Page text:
Stockholm World Water Week: Let’s break down the silos between water, climate, and food
The climate summit COP28 in Dubai in December provides a unique opportunity to bring the worlds of climate, food, water, and nature conservation together. The United Arab Emirates has invited the Netherlands and Tajikistan to show their leadership on the issue of water. On 10 December there will be a special Water Day. Special Dutch water envoy Meike van Ginneken spoke at the Stockholm World Water Week about the huge opportunity to bring climate, water, and food communities together.
Having the global water community together in Stockholm, was a good opportunity to discuss the agenda for the next climate summit COP28 that will take place in Dubai in December. Invited by the hosting country, the United Arab Emirates, both The Netherlands and Tajikistan are preparing the agenda. At a special session, both countries updated the water community on their progress. High on the agenda is to have a meeting with food and water Ministers. It would be the first meeting on such a high level at a UN convention.
Keep the momentum going
Special Dutch water envoy for the Netherlands, Meike van Ginneken spoke about the importance to keep the momentum of the UN Water Conference in March, going. Especially on the food-water issue. “Changing climate patterns mean that harvests around the world are not what they should be.” She especially highlighted the invisible trends, next to the endless reports on floods and heat waves in the media. “We need to act now. To enhance water security, adapt to climate change, reverse nature loss, use water more efficiently, and produce more crops. Let us not forget, this is also about fighting poverty and fighting hunger. We need to focus on the vulnerable that are already hungry without climate change. So collective action on climate and water is pivotal.”
Huge challenges ahead
The water community has huge challenges ahead, but Van Ginneken reminded her audience about past achievements. “The green revolution was also a blue revolution. We figured out how to grow more crops per drop. Huge challenges ahead of us but let us be assured enough that we have done this before and have the skills to do this. Water needs to be at the heart of decision-making. At the heart is climate adaptation. It is about water management. About water being in the wrong places to grow our food to live our lives, and to have an economy”, said Dutch water envoy Van Ginneken.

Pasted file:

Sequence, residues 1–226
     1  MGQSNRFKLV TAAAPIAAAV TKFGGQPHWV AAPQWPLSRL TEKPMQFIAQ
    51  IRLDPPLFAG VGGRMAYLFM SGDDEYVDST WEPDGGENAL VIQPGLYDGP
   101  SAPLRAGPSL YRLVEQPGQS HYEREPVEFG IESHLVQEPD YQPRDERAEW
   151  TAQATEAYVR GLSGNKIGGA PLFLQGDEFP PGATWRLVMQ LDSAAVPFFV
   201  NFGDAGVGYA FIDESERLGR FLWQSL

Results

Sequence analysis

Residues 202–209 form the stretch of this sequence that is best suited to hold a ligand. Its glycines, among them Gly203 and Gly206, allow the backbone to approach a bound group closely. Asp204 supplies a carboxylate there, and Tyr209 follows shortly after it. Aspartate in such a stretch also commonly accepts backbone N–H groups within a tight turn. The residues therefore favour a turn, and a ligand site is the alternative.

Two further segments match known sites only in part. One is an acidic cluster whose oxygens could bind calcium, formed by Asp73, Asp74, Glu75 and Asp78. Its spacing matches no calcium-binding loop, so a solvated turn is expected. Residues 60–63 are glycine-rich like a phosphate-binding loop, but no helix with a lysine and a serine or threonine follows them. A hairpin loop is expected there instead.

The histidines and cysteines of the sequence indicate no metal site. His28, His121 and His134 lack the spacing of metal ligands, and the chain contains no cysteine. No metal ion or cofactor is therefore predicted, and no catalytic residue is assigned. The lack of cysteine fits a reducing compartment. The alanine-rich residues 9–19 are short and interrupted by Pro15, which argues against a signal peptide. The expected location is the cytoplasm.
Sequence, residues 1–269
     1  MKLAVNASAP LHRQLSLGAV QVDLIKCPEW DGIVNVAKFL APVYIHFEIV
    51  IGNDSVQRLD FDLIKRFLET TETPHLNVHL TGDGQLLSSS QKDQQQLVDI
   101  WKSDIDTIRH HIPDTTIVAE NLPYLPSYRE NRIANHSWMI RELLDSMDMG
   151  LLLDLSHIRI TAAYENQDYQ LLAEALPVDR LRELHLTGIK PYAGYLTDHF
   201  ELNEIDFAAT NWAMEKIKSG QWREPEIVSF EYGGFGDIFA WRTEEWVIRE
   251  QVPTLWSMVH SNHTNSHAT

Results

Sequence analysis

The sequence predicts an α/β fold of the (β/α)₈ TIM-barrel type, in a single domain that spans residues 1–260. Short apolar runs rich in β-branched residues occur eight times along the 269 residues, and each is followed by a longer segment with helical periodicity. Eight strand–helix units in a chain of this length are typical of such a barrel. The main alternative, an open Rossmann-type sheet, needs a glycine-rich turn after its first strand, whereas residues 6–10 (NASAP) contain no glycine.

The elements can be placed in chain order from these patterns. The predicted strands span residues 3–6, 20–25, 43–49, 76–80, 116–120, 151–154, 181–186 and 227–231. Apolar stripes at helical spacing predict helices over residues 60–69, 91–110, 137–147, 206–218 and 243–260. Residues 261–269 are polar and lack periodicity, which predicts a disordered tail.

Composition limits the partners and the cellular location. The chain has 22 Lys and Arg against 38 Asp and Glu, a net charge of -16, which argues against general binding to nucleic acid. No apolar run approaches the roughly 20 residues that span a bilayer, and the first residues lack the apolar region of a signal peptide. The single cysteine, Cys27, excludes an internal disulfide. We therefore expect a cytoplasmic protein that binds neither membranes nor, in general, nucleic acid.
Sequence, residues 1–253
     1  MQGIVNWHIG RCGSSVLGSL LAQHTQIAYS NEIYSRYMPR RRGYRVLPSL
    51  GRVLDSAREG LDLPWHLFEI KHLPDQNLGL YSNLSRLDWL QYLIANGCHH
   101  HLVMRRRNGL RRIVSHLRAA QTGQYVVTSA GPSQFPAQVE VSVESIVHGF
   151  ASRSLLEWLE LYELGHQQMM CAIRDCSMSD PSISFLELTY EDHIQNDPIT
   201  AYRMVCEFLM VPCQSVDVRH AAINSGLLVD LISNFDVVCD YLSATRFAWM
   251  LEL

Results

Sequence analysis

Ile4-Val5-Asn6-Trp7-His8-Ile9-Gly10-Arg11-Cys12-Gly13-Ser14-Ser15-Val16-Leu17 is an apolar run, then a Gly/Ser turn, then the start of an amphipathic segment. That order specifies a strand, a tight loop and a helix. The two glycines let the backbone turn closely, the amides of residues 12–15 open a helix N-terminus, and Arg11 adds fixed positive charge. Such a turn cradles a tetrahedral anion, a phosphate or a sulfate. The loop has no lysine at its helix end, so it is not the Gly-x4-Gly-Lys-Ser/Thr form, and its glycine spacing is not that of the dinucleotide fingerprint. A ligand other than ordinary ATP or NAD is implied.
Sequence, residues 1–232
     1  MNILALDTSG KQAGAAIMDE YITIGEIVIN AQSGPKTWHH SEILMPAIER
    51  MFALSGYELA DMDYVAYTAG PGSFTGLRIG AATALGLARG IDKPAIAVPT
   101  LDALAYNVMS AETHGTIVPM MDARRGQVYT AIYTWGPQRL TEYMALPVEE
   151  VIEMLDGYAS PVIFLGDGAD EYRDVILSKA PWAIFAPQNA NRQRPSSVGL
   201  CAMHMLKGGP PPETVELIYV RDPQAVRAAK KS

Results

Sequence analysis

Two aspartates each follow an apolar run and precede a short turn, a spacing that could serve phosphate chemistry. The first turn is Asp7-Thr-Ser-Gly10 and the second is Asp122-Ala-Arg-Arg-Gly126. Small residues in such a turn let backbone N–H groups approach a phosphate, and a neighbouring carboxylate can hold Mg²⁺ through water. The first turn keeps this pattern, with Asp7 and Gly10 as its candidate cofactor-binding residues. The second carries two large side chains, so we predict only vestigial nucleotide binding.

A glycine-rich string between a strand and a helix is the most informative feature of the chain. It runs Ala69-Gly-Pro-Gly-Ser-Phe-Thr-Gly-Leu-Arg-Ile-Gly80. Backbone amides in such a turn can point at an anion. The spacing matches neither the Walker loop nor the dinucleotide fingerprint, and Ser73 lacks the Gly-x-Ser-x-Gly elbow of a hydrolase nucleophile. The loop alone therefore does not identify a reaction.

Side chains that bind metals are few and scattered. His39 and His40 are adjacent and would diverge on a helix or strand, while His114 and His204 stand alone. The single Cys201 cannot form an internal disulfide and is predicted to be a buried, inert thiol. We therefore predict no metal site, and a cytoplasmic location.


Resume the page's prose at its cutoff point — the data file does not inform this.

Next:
During the special session, the architecture was shown of the preparations by the water sector. The contribution to the climate summit is based on three pillars. One of the restoration of the freshwater ecosystem to a sure, on the one hand, the biodiversity can increase, but on the other hand enough clean water remains available for the production of drinking water. The second pillar is the acceleration of urbane water resiliency, including efforts to improve the performance of water utilities in low and middle-income countries. The third pillar is on building water-resilient food systems. High expectations are on the Brazilian government that will convey the meeting of food and water Ministers from around the world.
Break down silos
The takeaway message of the International Water Management Institute, which is involved in the pillar on building water-resilient food systems, was to grab this unique opportunity to break down silos that water conferences talk so much about. “Thank you COP28 for this. It will bring down the silos where we always talk about”, said Rachel McDonnell, Deputy Director General at the International Water Management Institute (IWMI) in her closing remarks of the session in Stockholm on 24 August. “We are going to bring water and food together. Of the actions on the UN-Water Action agenda, 30 percent has to do with agriculture. Farmers use 70 percent of fresh water in the world. Policy coherence between water and food is unheard of. I look forward to connecting to the outcome of the other pillars. Cities are often food insecure, and agriculture is not always kind to our environment”. McDonell said. She hopes representatives of the small holds will sit at the table as well. “They are the most at-risk from climate change. They produce 30 percent of the global food, but more importantly, they produce 60% in the global south. We have our day on December 10th where we are going to break down silos”.